After writing a technology section and a media section, we are following up with some current trends in the space that will drive cash flow and valuation for the companies that will be involved. At first we were going to touch on global technology as a whole, but it has become apparent that the business model innovation that we discuss here will be pioneered by China.
Chinese BATJ Stocks – Secular Tailwinds in the Xi Jinping Era
After China’s rapid industrialization and growth, the country has surpassed the US in GDP measured by purchasing power parity. GDP growth per annum has slowed in relative terms, although still miles ahead of any other developed nation with forecasts ranging from 6-7% for the coming year. Stepping back and looking at the GDP growth from absolute terms, this is 7% of $12 trillion, or $840 billion in one year.
The question is, where will this GDP growth be concentrated – and it looks increasingly likely that the technology companies will be the major winners, driven by a more equal society and consumer spending.
The current leadership, led by Xi Jinping, is focusing on distributing the next crop of wealth more equitably across society as outlined by his new socialist vision. Not only is he planning to eradicate poverty entirely in China, but he is planning to create a social safety net and increase parity across healthcare, income and education for the purposes of a harmonious and meritocratic society.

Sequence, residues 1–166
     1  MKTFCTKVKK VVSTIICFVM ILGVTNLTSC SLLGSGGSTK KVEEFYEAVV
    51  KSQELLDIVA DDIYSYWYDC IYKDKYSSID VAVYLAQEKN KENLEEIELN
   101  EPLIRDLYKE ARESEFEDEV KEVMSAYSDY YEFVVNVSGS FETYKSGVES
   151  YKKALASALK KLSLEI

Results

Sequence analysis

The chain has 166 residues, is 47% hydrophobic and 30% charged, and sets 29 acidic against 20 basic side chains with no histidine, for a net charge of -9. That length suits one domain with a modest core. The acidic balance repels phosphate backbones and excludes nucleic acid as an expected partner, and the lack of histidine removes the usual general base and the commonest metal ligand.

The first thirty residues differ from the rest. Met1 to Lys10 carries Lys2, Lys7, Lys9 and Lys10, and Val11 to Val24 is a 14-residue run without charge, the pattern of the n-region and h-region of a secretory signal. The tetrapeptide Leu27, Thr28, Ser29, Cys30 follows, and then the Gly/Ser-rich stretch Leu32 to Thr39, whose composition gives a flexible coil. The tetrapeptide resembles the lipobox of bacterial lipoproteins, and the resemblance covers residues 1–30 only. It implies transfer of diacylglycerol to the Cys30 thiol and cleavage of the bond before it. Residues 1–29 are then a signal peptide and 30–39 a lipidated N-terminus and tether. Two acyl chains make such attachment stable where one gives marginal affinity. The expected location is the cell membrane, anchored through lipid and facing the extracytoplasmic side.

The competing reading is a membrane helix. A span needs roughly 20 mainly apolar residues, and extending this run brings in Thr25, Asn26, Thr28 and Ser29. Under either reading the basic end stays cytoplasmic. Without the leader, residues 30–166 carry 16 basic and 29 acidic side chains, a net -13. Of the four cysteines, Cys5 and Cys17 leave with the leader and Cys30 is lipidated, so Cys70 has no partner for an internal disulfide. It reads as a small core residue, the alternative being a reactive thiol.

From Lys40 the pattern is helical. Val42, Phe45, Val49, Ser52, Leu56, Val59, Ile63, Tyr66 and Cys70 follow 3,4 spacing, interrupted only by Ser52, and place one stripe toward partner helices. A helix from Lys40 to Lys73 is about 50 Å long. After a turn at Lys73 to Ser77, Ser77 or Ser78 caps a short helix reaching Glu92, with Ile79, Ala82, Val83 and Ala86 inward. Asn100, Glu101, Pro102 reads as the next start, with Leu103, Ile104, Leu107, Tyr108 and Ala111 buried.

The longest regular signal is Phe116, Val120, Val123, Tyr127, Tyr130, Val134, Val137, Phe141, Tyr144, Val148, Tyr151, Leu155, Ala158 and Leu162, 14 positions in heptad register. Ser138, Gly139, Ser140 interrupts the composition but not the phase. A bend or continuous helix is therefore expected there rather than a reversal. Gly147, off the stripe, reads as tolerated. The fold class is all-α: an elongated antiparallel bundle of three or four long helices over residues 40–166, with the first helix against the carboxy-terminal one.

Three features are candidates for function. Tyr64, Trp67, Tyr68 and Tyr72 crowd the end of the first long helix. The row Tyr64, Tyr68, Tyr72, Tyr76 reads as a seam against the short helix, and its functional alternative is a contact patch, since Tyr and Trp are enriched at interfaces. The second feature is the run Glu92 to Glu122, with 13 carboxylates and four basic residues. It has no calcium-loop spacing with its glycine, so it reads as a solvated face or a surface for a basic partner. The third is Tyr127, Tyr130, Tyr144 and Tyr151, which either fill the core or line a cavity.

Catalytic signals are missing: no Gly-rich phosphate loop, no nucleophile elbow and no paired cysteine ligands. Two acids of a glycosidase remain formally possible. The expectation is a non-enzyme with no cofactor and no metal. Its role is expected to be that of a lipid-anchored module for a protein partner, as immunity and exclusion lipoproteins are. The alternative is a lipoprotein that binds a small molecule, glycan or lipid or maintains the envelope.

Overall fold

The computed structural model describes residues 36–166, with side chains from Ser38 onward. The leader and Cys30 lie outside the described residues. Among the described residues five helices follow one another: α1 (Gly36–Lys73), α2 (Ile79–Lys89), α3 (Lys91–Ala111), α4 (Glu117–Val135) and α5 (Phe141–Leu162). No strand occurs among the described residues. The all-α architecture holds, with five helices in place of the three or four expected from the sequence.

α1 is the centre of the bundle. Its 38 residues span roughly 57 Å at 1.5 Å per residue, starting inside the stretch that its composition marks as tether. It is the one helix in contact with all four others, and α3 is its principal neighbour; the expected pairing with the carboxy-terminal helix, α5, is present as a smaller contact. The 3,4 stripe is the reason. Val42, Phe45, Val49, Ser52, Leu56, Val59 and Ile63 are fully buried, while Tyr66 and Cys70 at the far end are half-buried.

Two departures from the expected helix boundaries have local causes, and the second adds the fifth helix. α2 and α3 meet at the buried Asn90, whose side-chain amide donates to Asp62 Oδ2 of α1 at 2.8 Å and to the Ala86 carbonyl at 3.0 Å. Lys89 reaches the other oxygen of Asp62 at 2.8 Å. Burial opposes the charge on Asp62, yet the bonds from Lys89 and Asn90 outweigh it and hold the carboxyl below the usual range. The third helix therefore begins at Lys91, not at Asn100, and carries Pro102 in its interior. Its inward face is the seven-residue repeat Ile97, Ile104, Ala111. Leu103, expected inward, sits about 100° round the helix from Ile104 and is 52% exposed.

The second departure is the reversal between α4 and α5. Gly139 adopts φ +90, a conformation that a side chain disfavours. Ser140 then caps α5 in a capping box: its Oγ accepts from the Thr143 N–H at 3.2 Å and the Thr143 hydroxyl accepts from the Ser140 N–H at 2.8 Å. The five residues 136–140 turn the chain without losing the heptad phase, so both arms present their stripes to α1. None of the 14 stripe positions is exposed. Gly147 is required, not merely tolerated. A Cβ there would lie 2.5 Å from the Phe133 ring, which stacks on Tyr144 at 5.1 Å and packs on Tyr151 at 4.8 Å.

With higher median and average per capita incomes, we can expect a growing middle class and stable working class to spend less on necessities and consumer staples and more on entertainment, wealth products and insurance and discretionary goods. All of the above are niche sectors in their own right, however the distribution will be almost entirely through technology.
This means higher internet penetration across China and increased consumer spending. The companies that are entrenched and poised to benefit are the BATJ stocks – Baidu (search), Alibaba (e-commerce), Tencent (communications and entertainment) and JD.com (e-commerce).
The Rise of Video Games and Entertainment
Machine learning and artificial intelligence will accelerate the pace of automation – most menial tasks will eventually be eliminated while practically every profession will have a large component that is machine assisted. Not to be too much of a futurist, but we may move into a society where jobs from social work to nursing may involve some sort of coding and programming literacy.
This means much more leisure time for workers. More leisure time and higher incomes will be excellent drivers of usage for entertainment, be it watching videos during commutes via Youku or playing Honor of Kings/Arena of Valor <王者荣耀> after school. Penetration is also much higher than 10 years ago – while console games were for a niche that was young and male, mothers and grandmothers will happily play puzzle games on their smartphones.